Without debating the usefulness or morality of planned parenthood, it may be verified by observation that any breed which stops its own increase gets crowded out by breeds which expand. Some human populations did so, in Terran history, and other breeds moved in and engulfed them."

Perpetual balance with Nature -- this is not natural. The way Nature [and the universe, effectively] "balances" things out is by wiping out populations, not subtle and controlled limitations on breeding and death. I don't recall seeing any live dinosaurs for the last ~65M years. We'll either find room to expand elsewhere (Terraforming, colonization, etc.) or we'll bide our time until we our natural genocide/extinction.

Re:million baby marches; new york, paris, cairo et (0)

Anonymous Coward | more than 3 years ago | (#35369550)

LOLWUT? You are a idiot.

Re:million baby marches; new york, paris, cairo et (0)

Anonymous Coward | more than 3 years ago | (#35368472)

words words

So what is your opinion on HOSTS files?

that's nothing (0)

Anonymous Coward | more than 3 years ago | (#35367064)

At the end of March, US "defence" contractor Lockheed Martin will administer a census in England and Wales which it is compulsory for every householder to complete.

Manhunt: Beijing (1)

martijnd (148684) | more than 3 years ago | (#35367072)

It is set in the (then) futuristic year of 2004, when Earth has been enslaved by a race of aliens known as the Orbs. The Orbs, who look like giant floating eyeballs, have implanted all humans with global tracking devices, forced them to wear nondescript robes and forbid them from speaking or communicating. The protagonist has been assigned by the Orbs to track down fellow humans who are believed to be forming an underground resistance.

USA already mandated GPS chips a long time ago (1)

rolfwind (528248) | more than 3 years ago | (#35367080)

for all phones sometime since 9/11 (IIRC) under the guise of helping you (ie - helping the 911 emergency service locate you). Not sure when it was implemented though.

With the microphone, camera, and other sensors plus ubiquity - cell phones is one of the most insidious government spy tools around. Tiny little trojan horses we pay for.

Re:USA already mandated GPS chips a long time ago (1)

Omniskio (1153619) | more than 3 years ago | (#35367108)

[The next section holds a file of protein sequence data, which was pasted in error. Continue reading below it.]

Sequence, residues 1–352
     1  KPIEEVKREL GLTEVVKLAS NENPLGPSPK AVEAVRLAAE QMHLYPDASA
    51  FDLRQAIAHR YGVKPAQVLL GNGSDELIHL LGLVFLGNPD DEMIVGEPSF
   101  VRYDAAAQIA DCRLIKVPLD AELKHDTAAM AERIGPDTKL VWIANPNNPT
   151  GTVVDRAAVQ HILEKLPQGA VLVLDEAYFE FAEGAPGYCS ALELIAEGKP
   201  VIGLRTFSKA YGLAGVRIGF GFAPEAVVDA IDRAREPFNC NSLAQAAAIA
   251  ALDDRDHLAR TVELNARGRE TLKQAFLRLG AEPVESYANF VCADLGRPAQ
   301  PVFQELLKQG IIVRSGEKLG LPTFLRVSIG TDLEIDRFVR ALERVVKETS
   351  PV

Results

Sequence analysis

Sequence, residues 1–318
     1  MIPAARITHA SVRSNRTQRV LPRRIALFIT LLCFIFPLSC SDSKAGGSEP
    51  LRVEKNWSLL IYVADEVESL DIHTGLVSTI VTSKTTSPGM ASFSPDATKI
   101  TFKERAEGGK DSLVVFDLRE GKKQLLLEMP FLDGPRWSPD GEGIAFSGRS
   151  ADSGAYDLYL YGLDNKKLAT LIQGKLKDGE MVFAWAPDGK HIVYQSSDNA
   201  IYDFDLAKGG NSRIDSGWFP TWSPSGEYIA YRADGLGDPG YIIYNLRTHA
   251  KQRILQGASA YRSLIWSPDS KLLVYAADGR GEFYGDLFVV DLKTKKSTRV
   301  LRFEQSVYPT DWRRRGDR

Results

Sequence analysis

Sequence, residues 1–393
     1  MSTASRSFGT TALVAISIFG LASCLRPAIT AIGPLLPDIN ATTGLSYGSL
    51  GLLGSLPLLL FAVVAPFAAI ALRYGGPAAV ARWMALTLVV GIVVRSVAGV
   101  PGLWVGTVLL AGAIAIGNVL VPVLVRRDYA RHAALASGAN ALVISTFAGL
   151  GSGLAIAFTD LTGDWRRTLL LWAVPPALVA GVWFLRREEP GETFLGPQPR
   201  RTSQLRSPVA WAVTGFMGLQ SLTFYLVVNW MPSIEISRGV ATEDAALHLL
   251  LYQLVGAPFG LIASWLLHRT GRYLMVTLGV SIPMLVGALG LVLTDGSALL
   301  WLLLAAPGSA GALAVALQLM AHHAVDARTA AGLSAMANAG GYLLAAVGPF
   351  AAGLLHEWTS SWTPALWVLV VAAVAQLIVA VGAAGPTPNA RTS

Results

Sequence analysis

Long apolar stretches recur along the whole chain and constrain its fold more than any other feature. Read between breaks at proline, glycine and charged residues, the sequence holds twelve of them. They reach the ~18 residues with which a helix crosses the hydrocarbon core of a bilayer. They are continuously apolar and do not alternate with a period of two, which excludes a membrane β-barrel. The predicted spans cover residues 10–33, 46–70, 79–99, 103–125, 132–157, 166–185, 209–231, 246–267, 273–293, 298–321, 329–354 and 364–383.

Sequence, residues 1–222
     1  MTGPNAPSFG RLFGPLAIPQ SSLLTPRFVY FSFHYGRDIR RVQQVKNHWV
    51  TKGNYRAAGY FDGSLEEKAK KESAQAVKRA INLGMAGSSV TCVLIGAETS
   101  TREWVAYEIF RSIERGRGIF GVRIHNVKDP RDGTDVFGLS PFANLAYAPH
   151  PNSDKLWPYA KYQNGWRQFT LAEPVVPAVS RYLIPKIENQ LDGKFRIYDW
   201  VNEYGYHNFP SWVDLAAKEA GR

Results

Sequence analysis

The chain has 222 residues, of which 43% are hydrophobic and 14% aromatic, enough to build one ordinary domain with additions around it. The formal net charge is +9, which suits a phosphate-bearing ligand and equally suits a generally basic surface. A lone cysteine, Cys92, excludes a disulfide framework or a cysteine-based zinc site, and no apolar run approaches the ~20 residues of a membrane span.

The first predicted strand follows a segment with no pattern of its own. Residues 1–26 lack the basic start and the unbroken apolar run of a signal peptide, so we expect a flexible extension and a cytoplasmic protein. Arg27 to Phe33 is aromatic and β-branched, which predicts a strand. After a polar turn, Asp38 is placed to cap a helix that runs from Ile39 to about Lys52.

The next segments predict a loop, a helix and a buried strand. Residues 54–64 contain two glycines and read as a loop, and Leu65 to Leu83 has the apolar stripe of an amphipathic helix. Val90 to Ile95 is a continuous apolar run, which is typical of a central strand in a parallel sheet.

Bad in USA. Bad in China.

Re:USA already mandated GPS chips a long time ago (2)

drinkypoo (153816) | more than 3 years ago | (#35367258)

No they didn't. You have to provide E-911 services with a certain level of positional accuracy but how you achieve it is up to you. GSM providers overwhelmingly went with TDOA (Timed difference of arrival) which is like GPS in reverse; instead of one receiver figuring out the position of multiple transmitters based on their synchronized and highly accurate clocks, multiple receivers figure out the position of a single transmitter on the same basis. Since cell cites have sectored antennas, only one cell site is necessary to locate a user to a fairly narrow, curved strip. With two you can find out where they are to within a few meters.

Re:USA already mandated GPS chips a long time ago (1)

GameboyRMH (1153867) | more than 3 years ago | (#35367340)

Mod parent Informative, GP is wrong.

LOL (1)

Chems_R_Us (1413757) | more than 3 years ago | (#35367114)

and You THINK the US GOVT DOES not? lolL

Re:LOL (0)

Anonymous Coward | more than 3 years ago | (#35368510)

That all stopped on 1/20/2009.

If you don't believe that then you are racist.

The don't already?!?!? (0)

ciderbrew (1860166) | more than 3 years ago | (#35367128)

You could moan about this; but when they caught the guys in the 2008 Chinese milk scandal they stuck a bullet in their heads. http://en.wikipedia.org/wiki/2008_Chinese_milk_scandal [wikipedia.org] You can't like the régime; but they do tend to win me back from time to time. Of course I don't condone the death sentence; but now that I have a child I'm very irrational about these things. Also being in the UK, I'm so tracked when I walk around YET STILL THERE BE CRIME It doesn't bother me. My lord I'm off topic!

Theres nothing irrational about the death sentence (0)

Viol8 (599362) | more than 3 years ago | (#35367204)

The majority of people in most western countries (according to surveys I've read about) are quite happy with an eye for an eye - even non religious people. Its only the libtard agenda thats been promoted by vested interests for the last 50 years that has tried to paint the death penalty as some sort of neanderthal throwback when in fact its the most just penalty for certain crimes including the one you mention.

Re:Theres nothing irrational about the death sente (0)

Anonymous Coward | more than 3 years ago | (#35367252)

Actually, the death penalty in the US, once you examine who has been executed, is clearly racist. IHO, where it becomes irrational is that the same people that advocate the death penalty are avid Pro-Life-ers.

Re:Theres nothing irrational about the death sente (1)

Cyberax (705495) | more than 3 years ago | (#35367254)

Actually, it's not true.

http://www.deathpenaltyinfo.org/international-polls-and-studies [deathpenaltyinfo.org] - support for death penalty in most progressive countries is either low or declining.

And yes, death penalty is a neanderthal throwback.

Re:Theres nothing irrational about the death sente (0)

Viol8 (599362) | more than 3 years ago | (#35367310)

Yes, I'm really going to believe a webpage that is clearly anti death penalty.

"And yes, death penalty is a neanderthal throwback."

Care to explain why or is it just for the usual spurious "it makes us no better than them" or its "state murder" or whatever other drivel people like yourself dish up to try and explain your point of view?